In our society, persons with Down syndrome (first described by Langdon Down, a British physician, 150 years ago) represent the archetype of mental retardation. This is because affected individuals look remarkably alike and because the syndrome is so common (appearing in about 1 in 1000 births). Yet, no one even had the slightest guess as to the cause of Down syndrome until 1936 when Lionel Penrose, a British geneticist, offered conclusive evidence that the chances of bearing such a child rose dramatically as women reached their late 30s. Over the ensuing 20 years, this finding spawned much conjecture, but few new facts. The big advance came in 1959 when Jerome Lejeune, a French geneticist, found that persons with Down syndrome invariably have an extra chromosome. This extra chromosome, by convention number 21 (the chromosome pairs are numbered in descending order of size, so this is almost the smallest), is present due to an error in the way chromosomes separate during the formation of egg or sperm cells. About 5% of persons with Down syndrome have the disorder for another reason: In one of their parents the extra chromosome is stuck to another chromosome. That parent has the right amount of genetic material, but it resides on only 45 chromosomes. If the fused chromosome gets passed on, the child will have the normal count of 46 but will have 3 chromosomes numbered 21. In a few cases, such persons inherit only part of the extra number 21.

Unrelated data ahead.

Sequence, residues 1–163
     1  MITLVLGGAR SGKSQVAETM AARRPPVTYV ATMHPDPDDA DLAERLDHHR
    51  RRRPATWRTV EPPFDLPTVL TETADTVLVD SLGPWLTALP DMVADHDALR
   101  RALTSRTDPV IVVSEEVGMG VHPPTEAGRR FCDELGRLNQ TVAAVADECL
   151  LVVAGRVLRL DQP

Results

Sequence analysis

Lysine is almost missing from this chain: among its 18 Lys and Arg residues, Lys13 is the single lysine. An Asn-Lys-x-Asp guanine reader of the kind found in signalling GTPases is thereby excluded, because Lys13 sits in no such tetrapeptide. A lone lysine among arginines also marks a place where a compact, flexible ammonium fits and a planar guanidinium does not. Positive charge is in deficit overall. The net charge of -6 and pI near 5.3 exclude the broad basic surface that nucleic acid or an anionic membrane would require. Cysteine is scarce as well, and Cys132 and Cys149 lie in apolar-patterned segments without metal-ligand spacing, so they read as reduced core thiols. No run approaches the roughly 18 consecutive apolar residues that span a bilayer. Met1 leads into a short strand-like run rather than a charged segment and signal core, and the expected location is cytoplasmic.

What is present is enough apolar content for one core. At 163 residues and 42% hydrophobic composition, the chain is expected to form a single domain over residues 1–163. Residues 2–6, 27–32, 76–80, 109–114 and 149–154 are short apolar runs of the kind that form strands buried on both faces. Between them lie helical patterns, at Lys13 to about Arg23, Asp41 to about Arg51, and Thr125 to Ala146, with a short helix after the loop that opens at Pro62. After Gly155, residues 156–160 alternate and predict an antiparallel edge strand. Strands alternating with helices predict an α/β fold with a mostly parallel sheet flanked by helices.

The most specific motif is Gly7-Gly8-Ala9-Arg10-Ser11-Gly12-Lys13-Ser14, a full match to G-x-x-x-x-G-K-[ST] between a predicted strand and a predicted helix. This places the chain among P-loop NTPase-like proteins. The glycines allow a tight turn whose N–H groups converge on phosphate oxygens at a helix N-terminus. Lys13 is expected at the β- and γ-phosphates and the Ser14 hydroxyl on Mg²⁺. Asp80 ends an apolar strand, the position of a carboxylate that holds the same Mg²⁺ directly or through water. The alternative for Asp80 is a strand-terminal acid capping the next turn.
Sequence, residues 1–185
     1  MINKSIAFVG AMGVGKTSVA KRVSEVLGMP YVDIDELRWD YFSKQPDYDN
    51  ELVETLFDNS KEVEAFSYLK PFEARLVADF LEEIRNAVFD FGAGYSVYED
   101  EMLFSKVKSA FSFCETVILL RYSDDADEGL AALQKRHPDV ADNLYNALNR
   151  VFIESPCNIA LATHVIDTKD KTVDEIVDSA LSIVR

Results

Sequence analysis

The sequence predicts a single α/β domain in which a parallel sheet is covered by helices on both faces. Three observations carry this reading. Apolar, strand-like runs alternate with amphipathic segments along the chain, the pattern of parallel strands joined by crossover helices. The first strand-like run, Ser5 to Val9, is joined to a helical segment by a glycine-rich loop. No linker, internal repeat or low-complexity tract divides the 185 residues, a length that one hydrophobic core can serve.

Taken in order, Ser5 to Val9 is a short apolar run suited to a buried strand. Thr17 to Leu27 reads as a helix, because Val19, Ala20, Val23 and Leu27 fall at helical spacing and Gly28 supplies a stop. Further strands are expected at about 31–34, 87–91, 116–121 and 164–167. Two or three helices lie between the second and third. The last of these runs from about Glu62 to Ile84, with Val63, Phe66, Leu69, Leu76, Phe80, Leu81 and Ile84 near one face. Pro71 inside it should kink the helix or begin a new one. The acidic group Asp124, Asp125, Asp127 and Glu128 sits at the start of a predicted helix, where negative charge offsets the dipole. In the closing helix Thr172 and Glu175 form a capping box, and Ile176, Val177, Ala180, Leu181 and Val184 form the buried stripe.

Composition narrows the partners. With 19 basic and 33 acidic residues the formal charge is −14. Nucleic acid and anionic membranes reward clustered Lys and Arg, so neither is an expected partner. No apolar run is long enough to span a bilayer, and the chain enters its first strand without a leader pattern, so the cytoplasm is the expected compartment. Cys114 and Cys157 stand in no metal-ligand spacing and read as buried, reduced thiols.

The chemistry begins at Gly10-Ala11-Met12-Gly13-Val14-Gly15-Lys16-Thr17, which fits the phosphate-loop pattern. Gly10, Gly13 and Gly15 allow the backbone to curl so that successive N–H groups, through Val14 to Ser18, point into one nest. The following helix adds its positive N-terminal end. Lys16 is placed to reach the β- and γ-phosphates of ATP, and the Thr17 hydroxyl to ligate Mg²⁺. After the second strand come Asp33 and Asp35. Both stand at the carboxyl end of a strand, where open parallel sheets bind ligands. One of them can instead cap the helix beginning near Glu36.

The scores of physical findings associated with Down syndrome (including short stature, small head, thick tongue, flat cheeks, increased risk for congenital heart defects, short fingers, unusual skin folds on the hands, sunny disposition, and low intelligence) all must arise because of the presence during development of the extra doses of the proteins made by the genes on the extra chromosome 21. By studying hundreds of persons with Down syndrome, especially those persons who have only portions of an extra 21, scientists have begun to define a "critical region" within which the genes that compromise intelligence must lie. That is, they have greatly narrowed the search for the genes that cause the mental retardation.